Once you have arrived there will be plenty to keep you busy, but depending on the time of year, here are a few events taking place…
Spring (March – May)
This is a festive event held on March 3rd when hina ningyo dolls are decorated in homes where there are daughters. It is also called Momo-no-Sekku (Peach Festival). Displayed on the a tiered doll-stand are gorgeous hina ningyo dolls together with miniature articles and furniture. And offerings of diamond-shaped rice cakes, sweet and peach blossoms are made to accompany prayers for the healthy growth and happy future of the daughters. There is also the custom of cooking clams and short-necked clams, these dishes decorate the doll-stand and are served as a special dinner for this feast.
Dai Himonjiyaji at Aso Fire Festival
A fire festival which is held over a period of one month in all towns in the environs of Mt. Aso in Kyushu. No-yaki refers to setting fire to the plains in order to maintain the pasture grass in good condition and is carried out in a number of places. The main event is the Dai Himonjiyaki which is held in Ojo-dake on the second Saturday of March. On the mountain slope, a gigantic Chinese character signifying ‘fire’ measuring 350 m appears. The no-yaki fire spreads nearby and the excitement of this spectacle continues until late into the night.
Hakata Dontaku Festival
People dressed up in unique costumes parade through the streets while clapping shamoji spoons and dance on stages and in squares in various quarters of the town. A shamoji, which is a wooden utensil for serving rice, evokes the image of a woman, busy preparing a meal, dashing out to join the parade passing in front of her house. The parade of gorgeously decorated vehicles called hana jidosha is also entertaining. Of all the Japanese festivals held during the so-called Golden Week when there is a series of national holidays from the end of April to early May, the Hakata Dontaku boasts the greatest number of spectators, with some two million people turning out every year. Visitors are also welcome, so don’ t hesitate to join in.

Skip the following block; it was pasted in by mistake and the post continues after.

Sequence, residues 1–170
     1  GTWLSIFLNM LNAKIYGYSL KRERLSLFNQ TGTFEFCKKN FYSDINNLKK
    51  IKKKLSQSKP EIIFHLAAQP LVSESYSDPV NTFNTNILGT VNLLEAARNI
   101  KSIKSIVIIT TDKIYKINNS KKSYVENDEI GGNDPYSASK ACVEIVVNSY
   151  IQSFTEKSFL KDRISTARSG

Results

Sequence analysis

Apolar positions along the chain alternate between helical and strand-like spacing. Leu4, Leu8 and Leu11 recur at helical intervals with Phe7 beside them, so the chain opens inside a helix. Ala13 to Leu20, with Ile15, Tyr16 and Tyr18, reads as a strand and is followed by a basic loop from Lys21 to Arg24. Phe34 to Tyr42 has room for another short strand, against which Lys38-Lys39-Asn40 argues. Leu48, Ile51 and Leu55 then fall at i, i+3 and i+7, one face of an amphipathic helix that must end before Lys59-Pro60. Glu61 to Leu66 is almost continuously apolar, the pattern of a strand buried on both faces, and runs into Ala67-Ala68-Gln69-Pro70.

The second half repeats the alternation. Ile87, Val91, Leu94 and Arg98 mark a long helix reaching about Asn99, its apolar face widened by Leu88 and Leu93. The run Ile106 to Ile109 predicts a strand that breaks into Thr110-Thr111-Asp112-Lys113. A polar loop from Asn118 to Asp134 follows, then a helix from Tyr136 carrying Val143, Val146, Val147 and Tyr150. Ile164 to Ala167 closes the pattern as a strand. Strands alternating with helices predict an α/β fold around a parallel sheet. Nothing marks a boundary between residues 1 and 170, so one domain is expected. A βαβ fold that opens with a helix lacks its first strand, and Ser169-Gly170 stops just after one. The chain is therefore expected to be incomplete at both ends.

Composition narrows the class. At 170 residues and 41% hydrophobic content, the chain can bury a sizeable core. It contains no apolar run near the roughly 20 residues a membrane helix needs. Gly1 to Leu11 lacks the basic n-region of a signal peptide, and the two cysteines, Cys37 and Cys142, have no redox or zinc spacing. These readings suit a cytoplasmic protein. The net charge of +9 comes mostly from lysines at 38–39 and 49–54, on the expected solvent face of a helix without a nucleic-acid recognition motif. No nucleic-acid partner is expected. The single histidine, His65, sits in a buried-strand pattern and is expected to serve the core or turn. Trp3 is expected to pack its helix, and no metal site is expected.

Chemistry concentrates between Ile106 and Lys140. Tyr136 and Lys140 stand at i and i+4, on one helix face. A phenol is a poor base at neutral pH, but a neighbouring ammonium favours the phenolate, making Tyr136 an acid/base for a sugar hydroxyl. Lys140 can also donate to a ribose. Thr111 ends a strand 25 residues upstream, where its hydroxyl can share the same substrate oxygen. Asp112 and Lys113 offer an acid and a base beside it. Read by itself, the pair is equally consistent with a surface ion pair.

Kite fighting contest
More than 100 kites are flown in the sky over the Nakatajima Dunes, one of the three largest sand dunes in Japan, which overlooks the Enshunada Sea. Here you can see many large kites measuring 3.5 meters by 3.5 meters. Then to the sound of the trumpet, the fighting starts. Making the 5-mm thick hemp strings intertwine, the kite-fliers try to cut their opponents’ strings by friction, which is very exciting to watch. The strings burn, giving off a scorched smell. You can try flying a kite yourself in the grounds adjoining the shuttle bus terminal. Don’t miss this opportunity of experiencing the actual sensation of flying a kite high in the sky.
Bonfire Nor Performance
Takigi O-Noh is a traditional Japanese musical drama performed on the open-air stage built on the lawn of Kofukuji Temple, which is registered as a World Heritage Site. The stage is made by placing large boards over the lawn, with bamboo poles set up and bound with rope, and the drama is performed amid the illumination of the bonfires which are set alight in early evening. Takigi Noh signifies ‘a Noh traditional musical theater drama performed at a banquet held around a bonfire.’ In the case of Kofukuji Temple, this is respectfully called Takigi O-Noh, the ‘O’ being an honorific prefix. Originally, such performances were carried out when sacred takigi (firewood) was delivered to the temple. Today, similar performances are also held in other towns, but this Bonfire Noh is believed to have originated in this temple in 869.
Ukai (Cormorant Fishing)